When I reviewed GoodLinks, I knew its unique combination of Shortcuts integration and custom in-app actions that rely on URL schemes had the potential to sit at the center of powerful, automated workflows. My hunch was correct.
When I tried GoodLinks for the first time, I began thinking of ways to integrate it into the research I do for MacStories and Club MacStories. Michael LaPorta’s thoughts, however, immediately turned to music.
LaPorta has built a ton of music-related shortcuts that you can find on his website. After reading my review of GoodLinks, he set out to create a shortcut to allow him to save music reviews and related reviews to read and listen to later. Here’s how LaPorta explains it:
So here’s the concept: GoodLinks can grab music reviews and store them to read or access later. When grabbing the music reviews you can customize the information associated with the review. You can use this customized info to also grab the album and add it to your Music library. Once you have the review (along with its customized info) saved in GoodLinks and the album saved in Music, you can use GoodLinks as a read-and-listen-to-it-later app that can be accessed via Shortcuts in a variety of contexts.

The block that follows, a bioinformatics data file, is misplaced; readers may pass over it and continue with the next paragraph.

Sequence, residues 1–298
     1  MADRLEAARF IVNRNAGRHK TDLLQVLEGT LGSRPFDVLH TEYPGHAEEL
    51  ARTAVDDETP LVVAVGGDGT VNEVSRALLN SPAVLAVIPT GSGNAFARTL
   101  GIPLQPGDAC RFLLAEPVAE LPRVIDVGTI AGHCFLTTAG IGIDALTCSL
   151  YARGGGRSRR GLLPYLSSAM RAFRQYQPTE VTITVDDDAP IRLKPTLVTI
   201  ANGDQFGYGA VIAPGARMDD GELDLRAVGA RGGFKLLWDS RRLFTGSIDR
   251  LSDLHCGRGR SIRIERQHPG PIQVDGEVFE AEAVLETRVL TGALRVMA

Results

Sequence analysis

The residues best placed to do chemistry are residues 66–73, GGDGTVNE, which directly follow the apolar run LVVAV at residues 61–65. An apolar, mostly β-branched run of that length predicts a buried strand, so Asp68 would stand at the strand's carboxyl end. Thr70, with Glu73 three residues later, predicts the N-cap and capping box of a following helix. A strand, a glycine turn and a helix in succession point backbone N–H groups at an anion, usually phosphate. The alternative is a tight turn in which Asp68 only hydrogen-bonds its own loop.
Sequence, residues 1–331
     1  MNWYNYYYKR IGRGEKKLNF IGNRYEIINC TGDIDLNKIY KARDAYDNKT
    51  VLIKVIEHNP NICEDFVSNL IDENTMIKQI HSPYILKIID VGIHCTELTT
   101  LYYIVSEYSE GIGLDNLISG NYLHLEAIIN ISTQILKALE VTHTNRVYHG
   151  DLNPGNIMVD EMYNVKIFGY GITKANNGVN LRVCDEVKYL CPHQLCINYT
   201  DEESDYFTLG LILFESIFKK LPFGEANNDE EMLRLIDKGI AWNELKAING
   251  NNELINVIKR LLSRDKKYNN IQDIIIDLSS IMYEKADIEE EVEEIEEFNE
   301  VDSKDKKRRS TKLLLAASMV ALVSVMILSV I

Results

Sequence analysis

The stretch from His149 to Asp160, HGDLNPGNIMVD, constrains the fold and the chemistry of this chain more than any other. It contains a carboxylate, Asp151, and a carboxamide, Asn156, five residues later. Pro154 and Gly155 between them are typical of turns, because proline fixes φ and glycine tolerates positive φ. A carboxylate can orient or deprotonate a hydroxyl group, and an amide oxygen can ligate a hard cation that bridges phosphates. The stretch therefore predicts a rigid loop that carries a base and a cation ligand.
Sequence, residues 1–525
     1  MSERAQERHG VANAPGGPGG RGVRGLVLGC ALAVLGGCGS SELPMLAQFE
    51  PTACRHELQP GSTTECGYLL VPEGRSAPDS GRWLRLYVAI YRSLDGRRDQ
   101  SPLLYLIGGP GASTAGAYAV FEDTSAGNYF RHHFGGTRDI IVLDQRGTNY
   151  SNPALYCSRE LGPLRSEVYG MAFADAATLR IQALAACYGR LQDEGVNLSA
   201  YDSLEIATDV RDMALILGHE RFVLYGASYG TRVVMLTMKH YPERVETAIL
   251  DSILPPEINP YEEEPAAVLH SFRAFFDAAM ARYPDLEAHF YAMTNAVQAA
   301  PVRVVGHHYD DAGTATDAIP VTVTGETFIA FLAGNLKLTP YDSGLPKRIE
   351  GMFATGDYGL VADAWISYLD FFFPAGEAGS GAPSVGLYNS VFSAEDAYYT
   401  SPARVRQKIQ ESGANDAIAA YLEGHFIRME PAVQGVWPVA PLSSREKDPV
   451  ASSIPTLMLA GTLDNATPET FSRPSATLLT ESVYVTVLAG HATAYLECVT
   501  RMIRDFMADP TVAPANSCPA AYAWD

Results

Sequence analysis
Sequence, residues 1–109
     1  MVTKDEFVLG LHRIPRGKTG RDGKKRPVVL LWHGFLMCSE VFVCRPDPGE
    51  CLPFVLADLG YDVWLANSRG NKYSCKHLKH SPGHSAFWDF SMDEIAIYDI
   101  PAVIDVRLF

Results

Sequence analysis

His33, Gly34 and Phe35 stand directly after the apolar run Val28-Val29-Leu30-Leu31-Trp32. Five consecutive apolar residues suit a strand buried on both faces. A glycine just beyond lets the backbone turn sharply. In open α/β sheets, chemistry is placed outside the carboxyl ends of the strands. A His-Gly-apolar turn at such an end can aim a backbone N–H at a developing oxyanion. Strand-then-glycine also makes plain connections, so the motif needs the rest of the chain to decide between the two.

LaPorta didn’t stop there, though. He also added a way to handle upcoming releases and begin listening to an album from inside its review in GoodLinks using the app’s custom action builder.
One of my favorite podcast clients, Castro, debuted a big update today that adds a host of Siri commands and strong Shortcuts support.
There are now 30 requests you can make of Castro through Siri, which can access all the world’s open podcasts. We know it can be hard to remember them all, so we made a handy reference guide in Settings → Siri where you can find what you’re looking for to make your day a little easier.
Besides the wide extent of possible commands in Castro, what’s especially impressive is the guide referenced above: Castro’s team has built an excellent Siri Guide and a related in-app Shortcuts Gallery, both of which are accessible via settings and highlight simply and beautifully what all is possible with Siri and Shortcuts.
Castro’s Siri Guide and Shortcuts Gallery.